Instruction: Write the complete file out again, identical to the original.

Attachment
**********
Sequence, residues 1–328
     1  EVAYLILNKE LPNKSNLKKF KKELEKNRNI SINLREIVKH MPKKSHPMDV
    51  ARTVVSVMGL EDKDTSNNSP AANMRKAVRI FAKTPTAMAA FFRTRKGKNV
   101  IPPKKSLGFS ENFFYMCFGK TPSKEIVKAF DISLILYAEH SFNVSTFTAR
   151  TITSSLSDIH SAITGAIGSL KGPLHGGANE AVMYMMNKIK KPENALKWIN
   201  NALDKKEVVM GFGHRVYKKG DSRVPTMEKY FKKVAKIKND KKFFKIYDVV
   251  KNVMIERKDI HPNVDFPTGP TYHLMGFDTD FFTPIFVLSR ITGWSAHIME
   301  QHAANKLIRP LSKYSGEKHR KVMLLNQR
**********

Sequence, residues 1–328
     1  EVAYLILNKE LPNKSNLKKF KKELEKNRNI SINLREIVKH MPKKSHPMDV
    51  ARTVVSVMGL EDKDTSNNSP AANMRKAVRI FAKTPTAMAA FFRTRKGKNV
   101  IPPKKSLGFS ENFFYMCFGK TPSKEIVKAF DISLILYAEH SFNVSTFTAR
   151  TITSSLSDIH SAITGAIGSL KGPLHGGANE AVMYMMNKIK KPENALKWIN
   201  NALDKKEVVM GFGHRVYKKG DSRVPTMEKY FKKVAKIKND KKFFKIYDVV
   251  KNVMIERKDI HPNVDFPTGP TYHLMGFDTD FFTPIFVLSR ITGWSAHIME
   301  QHAANKLIRP LSKYSGEKHR KVMLLNQR